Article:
I read an interesting PRL
High-Energy Anomaly in the Band Dispersion of the Ruthenate Superconductor
H. Iwasawa, Y. Yoshida, I. Hase, K. Shimada, H. Namatame, M. Taniguchi, and Y. Aiura
They perform ARPES [Angle Resolved Photoemission Spectroscopy] on strontium ruthenate [Sr2RuO4]. Some of the main results are shown below [the vertical scale is energy].
The key issue is understanding how the measured quasi-particle dispersion (left panel) differs from the band structure calculated from LDA [Local Density Approximation of Density Functional Theory (DFT)].
Where the two curves cross is the "high energy anomaly". This is very much related to "kinks" and "waterfalls" in the cuprates, as I discussed in an earlier post.
The spectrum is compared to a very simple model self energy (right panel) that is consistent with Fermi liquid theory and includes a "cut off" energy scale associated with the underlying interactions [bosons?, magnons?, electron-electron?] that are the origin of the self energy.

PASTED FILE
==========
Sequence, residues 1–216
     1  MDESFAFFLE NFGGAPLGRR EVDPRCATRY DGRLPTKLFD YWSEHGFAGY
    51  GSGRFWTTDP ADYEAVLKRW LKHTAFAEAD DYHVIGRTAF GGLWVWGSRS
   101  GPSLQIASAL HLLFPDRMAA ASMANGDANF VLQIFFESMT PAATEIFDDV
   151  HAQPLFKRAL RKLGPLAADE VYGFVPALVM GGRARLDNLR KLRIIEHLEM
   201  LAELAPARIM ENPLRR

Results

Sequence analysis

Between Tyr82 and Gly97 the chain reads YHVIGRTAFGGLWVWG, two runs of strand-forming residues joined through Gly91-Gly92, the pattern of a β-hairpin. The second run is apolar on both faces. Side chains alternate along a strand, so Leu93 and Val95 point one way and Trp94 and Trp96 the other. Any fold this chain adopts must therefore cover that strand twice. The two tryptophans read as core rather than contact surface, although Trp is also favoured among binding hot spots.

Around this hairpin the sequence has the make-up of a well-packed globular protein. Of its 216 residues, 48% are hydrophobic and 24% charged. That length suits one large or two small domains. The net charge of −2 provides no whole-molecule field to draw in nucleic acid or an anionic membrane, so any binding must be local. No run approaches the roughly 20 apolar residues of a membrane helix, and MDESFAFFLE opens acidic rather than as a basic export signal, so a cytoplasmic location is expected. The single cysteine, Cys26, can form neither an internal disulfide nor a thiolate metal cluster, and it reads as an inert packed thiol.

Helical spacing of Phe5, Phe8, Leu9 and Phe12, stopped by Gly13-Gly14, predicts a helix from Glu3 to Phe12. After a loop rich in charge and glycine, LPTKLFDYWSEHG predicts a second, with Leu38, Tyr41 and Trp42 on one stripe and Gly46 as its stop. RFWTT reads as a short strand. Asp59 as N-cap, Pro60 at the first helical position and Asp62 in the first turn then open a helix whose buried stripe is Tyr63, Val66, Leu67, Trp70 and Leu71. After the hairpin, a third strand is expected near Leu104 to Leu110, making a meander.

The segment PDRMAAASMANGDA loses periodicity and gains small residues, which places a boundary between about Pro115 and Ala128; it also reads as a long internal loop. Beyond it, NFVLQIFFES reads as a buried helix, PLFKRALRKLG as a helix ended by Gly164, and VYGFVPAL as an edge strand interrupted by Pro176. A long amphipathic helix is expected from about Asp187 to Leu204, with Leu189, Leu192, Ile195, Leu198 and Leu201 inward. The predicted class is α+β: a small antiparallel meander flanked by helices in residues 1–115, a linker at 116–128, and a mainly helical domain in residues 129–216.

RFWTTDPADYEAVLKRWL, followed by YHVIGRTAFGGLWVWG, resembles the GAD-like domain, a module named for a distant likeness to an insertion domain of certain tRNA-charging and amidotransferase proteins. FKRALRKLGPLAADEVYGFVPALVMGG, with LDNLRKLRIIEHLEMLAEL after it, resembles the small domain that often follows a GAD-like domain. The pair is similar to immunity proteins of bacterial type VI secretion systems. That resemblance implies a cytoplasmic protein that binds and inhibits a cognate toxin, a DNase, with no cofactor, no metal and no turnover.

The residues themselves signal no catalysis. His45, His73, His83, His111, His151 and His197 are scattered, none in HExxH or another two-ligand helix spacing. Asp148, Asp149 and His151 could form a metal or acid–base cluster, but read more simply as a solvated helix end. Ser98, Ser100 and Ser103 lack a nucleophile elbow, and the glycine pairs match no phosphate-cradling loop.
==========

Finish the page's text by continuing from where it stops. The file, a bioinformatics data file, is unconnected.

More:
The solid black curve in the right panel above is from a theoretical calculation [self-consistent perturbation theory and DMFT on the relevant multi-band Hubbard model with Hunds rule coupling]. [A 2000 PRL by Liebsch and Lichtenstein].
It is very impressive that this agrees with the experiment.
This shows how good both ARPES and Dynamical Mean-Field Theory are getting.
I found some of the discussion of theory in the paper poor and confusing. For example, I failed to see how Zhang-Rice singlets are relevant to the ruthenates.
But the biggest concern was they make a big deal of the value of the energy of the anomaly and try and compare it to other energy scales such as the Hubbard U and the Hund's rule coupling J. This is simplistic. The whole of point of work described in my earlier post is that this energy scale is emergent and does not have a simple relationship with the energy scales of the underlying interactions.
I would have also like to see a comparison with the recent LDA+DMFT calculations of Jernez Mravlje and collaborators that I discussed here.